Signaling mediated by the neurotrophin receptor, TrkB, has been implicated in diverse psychiatric and neurological disorders. Notably, TrkB is activated during and is required for limbic epileptogenesis. During the current funding period, we discovered a downstream signaling pathway by which TrkB activation promotes limbic epileptogenesis in the kindling model in vivo, namely the PLC31 pathway. In vitro studies demonstrate that TrkB-mediated PLC31 signaling promotes reduced expression of the K-Cl co-transporter, KCC2, resulting in accumulation of intracellular chloride ([Cl-]i), a shift of EGABA in a depolarizing direction, and potentially impaired synaptic inhibition. Direct study of human epileptic tissue advances reduced expression of KCC2 and the resulting accumulation of [Cl-]i as an important mechanism contributing to the hyperexcitability of limbic epilepsy. These findings underscore the importance of elucidating the signaling pathways operative in animal models in vivo that reduce KCC2 expression. We hypothesize that TrkB- mediated activation of PLC31 mediates the reduced KCC2 expression in limbic epileptogenesis in vivo and promotes limbic epileptogenesis. We will test these hypotheses with biochemical, immunohistochemical, electrophysiological, and imaging methods focused on wild type (WT) and genetically modified mice in vivo and ex vivo. Insight into the signaling pathways downstream from TrkB that promote limbic epileptogenesis promises to facilitate development of specific and novel therapies while simultaneously shedding light on the underlying cellular mechanisms.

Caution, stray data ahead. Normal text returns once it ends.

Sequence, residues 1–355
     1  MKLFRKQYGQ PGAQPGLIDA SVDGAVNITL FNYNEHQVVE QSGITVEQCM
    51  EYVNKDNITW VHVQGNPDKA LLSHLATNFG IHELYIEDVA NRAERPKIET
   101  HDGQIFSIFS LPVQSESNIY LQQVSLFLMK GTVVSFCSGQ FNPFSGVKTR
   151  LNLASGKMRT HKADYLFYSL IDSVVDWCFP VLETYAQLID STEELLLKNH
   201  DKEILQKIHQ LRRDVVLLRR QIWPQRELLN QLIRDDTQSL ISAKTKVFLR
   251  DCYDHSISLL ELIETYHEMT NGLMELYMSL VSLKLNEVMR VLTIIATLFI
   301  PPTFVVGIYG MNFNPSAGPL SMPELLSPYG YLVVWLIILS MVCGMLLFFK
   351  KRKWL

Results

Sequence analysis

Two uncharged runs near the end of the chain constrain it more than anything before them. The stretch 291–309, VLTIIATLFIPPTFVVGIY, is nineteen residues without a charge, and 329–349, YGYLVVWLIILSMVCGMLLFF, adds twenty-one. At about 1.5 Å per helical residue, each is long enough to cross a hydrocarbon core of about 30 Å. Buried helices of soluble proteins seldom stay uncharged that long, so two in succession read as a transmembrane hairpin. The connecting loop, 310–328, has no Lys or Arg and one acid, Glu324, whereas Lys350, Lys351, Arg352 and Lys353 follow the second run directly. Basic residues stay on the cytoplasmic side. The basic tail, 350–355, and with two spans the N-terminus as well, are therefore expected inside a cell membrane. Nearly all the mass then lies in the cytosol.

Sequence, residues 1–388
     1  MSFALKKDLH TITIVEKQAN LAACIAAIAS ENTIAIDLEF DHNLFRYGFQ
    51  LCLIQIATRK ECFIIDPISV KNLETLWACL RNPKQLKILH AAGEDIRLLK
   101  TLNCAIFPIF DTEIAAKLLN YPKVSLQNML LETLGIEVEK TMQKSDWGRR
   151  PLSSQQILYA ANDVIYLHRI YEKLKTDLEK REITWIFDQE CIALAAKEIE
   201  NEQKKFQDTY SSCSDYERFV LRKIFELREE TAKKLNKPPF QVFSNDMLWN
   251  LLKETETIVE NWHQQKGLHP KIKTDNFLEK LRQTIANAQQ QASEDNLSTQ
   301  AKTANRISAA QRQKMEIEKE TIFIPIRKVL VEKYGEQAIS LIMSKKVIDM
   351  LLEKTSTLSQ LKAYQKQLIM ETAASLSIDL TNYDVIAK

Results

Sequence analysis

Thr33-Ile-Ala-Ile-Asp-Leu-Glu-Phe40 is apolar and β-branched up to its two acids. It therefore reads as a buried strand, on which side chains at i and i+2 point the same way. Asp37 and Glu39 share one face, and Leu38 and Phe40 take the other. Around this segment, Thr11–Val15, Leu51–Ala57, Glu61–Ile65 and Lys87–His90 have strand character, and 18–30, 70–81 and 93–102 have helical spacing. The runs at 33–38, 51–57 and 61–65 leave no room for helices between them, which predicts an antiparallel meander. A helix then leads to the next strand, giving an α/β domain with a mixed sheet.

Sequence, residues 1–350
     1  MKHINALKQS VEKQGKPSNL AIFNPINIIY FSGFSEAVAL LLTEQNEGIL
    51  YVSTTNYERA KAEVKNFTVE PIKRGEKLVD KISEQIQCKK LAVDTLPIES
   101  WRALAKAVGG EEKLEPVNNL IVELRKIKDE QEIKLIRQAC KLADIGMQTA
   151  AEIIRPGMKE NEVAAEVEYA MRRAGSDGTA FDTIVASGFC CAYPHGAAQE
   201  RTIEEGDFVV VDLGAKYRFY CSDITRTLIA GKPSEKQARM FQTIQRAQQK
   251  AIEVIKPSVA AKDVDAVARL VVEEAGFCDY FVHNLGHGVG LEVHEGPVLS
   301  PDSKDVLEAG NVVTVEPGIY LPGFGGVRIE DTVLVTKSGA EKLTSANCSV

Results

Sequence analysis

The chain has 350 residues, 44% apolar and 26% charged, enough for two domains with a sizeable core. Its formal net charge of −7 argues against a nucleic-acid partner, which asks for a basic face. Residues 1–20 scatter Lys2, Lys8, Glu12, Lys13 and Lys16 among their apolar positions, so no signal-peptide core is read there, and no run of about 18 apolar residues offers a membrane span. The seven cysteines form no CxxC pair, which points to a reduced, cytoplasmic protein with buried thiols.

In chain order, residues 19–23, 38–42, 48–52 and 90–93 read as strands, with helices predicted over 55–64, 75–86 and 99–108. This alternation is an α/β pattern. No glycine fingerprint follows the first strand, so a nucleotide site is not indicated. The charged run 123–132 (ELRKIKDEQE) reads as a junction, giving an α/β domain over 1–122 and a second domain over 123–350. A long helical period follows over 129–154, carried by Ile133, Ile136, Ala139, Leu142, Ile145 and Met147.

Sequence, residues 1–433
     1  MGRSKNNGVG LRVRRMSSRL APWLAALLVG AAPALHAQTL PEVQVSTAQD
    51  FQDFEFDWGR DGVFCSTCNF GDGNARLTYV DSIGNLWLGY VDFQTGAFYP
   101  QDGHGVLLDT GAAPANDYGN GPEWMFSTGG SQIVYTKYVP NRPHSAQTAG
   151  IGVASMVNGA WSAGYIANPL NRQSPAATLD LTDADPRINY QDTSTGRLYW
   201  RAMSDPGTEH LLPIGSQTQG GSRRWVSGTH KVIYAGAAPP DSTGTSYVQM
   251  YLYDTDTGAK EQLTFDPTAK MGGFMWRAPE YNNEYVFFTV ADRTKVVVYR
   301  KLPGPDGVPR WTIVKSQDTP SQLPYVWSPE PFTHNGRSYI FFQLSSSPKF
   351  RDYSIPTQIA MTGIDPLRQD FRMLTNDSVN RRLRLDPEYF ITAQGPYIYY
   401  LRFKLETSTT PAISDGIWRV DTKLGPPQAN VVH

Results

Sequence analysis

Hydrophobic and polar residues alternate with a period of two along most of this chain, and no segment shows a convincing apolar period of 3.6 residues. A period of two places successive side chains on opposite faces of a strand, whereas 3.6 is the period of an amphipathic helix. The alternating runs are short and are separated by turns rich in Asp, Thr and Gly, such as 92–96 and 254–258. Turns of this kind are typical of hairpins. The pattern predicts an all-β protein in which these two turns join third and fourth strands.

Public Health Relevance

Limbic epilepsy is a common and frequently devastating neurological disorder. Successful completion of this project will provide information useful for the development of novel therapeutics aimed at preventing the development and/or progression of this disorder.

Agency
National Institute of Health (NIH)
Institute
National Institute of Neurological Disorders and Stroke (NINDS)
Type
Research Project (R01)
Project #
5R01NS056217-07
Application #
8303260
Study Section
Clinical Neuroplasticity and Neurotransmitters Study Section (CNNT)
Program Officer
Whittemore, Vicky R
Project Start
2006-07-15
Project End
2014-06-30
Budget Start
2012-07-01
Budget End
2013-06-30
Support Year
7
Fiscal Year
2012
Total Cost
$334,425
Indirect Cost
$120,050
Name
Duke University
Department
Biology
Type
Schools of Medicine
DUNS #
044387793
City
Durham
State
NC
Country
United States
Zip Code
27705
Liu, Gumei; Kotloski, Robert J; McNamara, James O (2014) Antiseizure effects of TrkB kinase inhibition. Epilepsia 55:1264-73
He, Xiao Ping; Wen, Renren; McNamara, James O (2014) Impairment of kindling development in phospholipase C?1 heterozygous mice. Epilepsia 55:456-63
Harward, Stephen C; McNamara, James O (2014) Aligning animal models with clinical epilepsy: where to begin? Adv Exp Med Biol 813:243-51
Liu, Gumei; Gu, Bin; He, Xiao-Ping et al. (2013) Transient inhibition of TrkB kinase after status epilepticus prevents development of temporal lobe epilepsy. Neuron 79:31-8
Harward, Stephen C; McNamara, James O (2013) In search of the ever-elusive positive endozepine. Neuron 78:951-2
Helgager, Jeffrey; Liu, Gumei; McNamara, James O (2013) The cellular and synaptic location of activated TrkB in mouse hippocampus during limbic epileptogenesis. J Comp Neurol 521:499-521, Spc1
Wang, Hong-Gang; He, Xiao Ping; Li, Qiang et al. (2013) The auxiliary subunit KChIP2 is an essential regulator of homeostatic excitability. J Biol Chem 288:13258-68
Pan, Enhui; Zhang, Xiao-an; Huang, Zhen et al. (2011) Vesicular zinc promotes presynaptic and inhibits postsynaptic long-term potentiation of mossy fiber-CA3 synapse. Neuron 71:1116-26
Danzer, Steve C; He, Xiaoping; Loepke, Andreas W et al. (2010) Structural plasticity of dentate granule cell mossy fibers during the development of limbic epilepsy. Hippocampus 20:113-24
Huang, Yang Z; McNamara, James O (2010) Mutual regulation of Src family kinases and the neurotrophin receptor TrkB. J Biol Chem 285:8207-17

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